Werner Herzog*, the German Film Director has released a short documentary From One Second to the Next telling the stories of several people affected by texting accidents - from a variety of perspectives. It is heart wrenching - but a must see. 

The United Kingdom is using a very shocking and graphic video produced by the Gwent Police Force to educate high school students and raise awareness of the dangers of texting while driving. 

When the appropriate time comes, I will be making my children watch these videos. I seek to enlighten my children to make good decisions and to be brave enough to encourage their friends to make good decisions too. 

*Werner Herzog does have a lighter side too - see my blog post here


Paul was eying up a cucumber from our vegetable garden... imagining turning it into a Raita and gobbling it up. Given his obsession with garlic, I was sure he meant Tzaziki and so set out to make one yesterday. Actually, he really did mean a Raita - having had some recent Indian inspired meals - and was somewhat taken aback by the garlicky taste!
Prior to beginning, I drained some plain yoghurt to a stage somewhere between a Greek Yoghurt and cream cheese consistency (i.e. less whey than Greek). I did this as Cucumber is so watery and I wanted to prevent a sloppy mess. 

1 cup Peeled, Grated and drained Cucumber (about 1 cucumber)
1 cup Drained Greek Yoghurt 
2 cloves Garlic, crushed
1 tsp Chopped Fresh Dill
¼ tsp Salt Flakes 

A couple of hours before commencing, drain Plain or Greek Yoghurt to remove whey. 
Cut cucumber in quarters lengthwise. Scoop out seeds. Grate flesh and then squeeze as much moisture out as possible. Use paper towels for the final squeeze. 
Mix together Yoghurt, Cucumber, Garlic, Salt and chopped Dill. 
Place in serving dish. Serve as a dip with Crudités, Turkish Bread or fresh or toasted Pita Bread. Serve over grilled lamb, Souvlaki or Gyros. Serve with Grilled Vegetable Kebabs

I don't usually bother peeling the cucumber if I use a Continental/Hothouse/Burpless Cucumber - some green from the skin can look nice. 
Finely chopped Mint can be used instead of Dill. 
love the fresh herbs from our garden - parsley, dill & mint tonight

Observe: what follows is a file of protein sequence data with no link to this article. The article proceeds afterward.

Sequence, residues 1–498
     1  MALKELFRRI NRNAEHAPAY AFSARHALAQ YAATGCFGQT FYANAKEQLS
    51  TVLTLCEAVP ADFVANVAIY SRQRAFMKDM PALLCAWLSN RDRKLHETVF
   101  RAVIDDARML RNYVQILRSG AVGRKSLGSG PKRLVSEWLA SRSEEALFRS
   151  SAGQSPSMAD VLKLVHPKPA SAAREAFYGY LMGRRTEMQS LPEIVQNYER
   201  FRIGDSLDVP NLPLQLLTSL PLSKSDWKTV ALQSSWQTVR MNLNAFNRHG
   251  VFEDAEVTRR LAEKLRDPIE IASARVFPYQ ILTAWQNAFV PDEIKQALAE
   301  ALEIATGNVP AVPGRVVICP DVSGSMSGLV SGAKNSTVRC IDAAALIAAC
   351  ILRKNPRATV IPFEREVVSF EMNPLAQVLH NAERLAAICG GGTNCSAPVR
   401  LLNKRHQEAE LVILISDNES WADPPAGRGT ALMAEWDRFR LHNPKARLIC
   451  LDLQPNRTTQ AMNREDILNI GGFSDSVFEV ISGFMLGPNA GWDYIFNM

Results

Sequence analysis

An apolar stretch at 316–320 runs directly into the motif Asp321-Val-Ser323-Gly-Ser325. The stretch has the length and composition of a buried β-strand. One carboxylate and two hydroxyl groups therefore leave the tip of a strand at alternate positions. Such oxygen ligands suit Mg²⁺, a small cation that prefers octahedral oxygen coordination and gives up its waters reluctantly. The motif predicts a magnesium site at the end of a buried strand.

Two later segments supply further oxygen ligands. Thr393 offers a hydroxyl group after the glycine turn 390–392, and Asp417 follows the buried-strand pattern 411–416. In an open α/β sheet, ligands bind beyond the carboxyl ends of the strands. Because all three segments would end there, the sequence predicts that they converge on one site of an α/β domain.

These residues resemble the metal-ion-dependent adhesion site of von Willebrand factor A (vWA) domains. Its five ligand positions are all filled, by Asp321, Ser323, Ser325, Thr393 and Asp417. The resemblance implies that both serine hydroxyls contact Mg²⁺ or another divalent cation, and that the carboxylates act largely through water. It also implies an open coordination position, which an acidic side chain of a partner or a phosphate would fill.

...Anyway, we found ourselves with a Tzatziki without anything to accompany it! Some Lamb burger/rissoles thrown on the grill with some sliced eggplant and a Tabbouleh salad made with Chick Peas/Garbanzo beans... and voila a mediterranean meal was made! 
tabbouleh using chick peas instead of burghal /bulghur wheat

Wednesday, August 7, 2013

Pink Dip / Beetroot Dip

To avoid any potential complaints about eating beets/beetroot, I name this dish Pink Dip or Pink Hummus... and the kids are ready to eat it without further questioning. Along with a Carrot Dip, I have made this dip to serve at Children's parties... simply because the color is SO intense and beautiful. It has a wonderful sweet yet earthy flavor and is simply delicious. My favorite accompaniment would be Turkish Bread - a kind of Ciabatta we were able to purchase easily in Australia - but I have yet to find a substitute here. Unfortunately, we only had corn chips available when I made this the other night. 
I have thinned the dip with a little extra yoghurt / lemon juice to make a sauce to serve with, what I thought were Lebanese fish balls (via an ancient recipe from Robert Carrier). I believe these were called Blehat Samak. I found a similar recipe at Mietta O'Donnell's site.
Anyway, I roasted several beetroot at once. I used one and a half to 'pickle' and serve on classic Aussie-style burgers, and reserved the remaining beets for when we had a pre-dinner snack emergency. 

2 medium fresh beets
1 clove garlic, chopped
1 tblsp tahini
1 tblsp lemon juice
1/4 cup Greek Yoghurt (or as desired)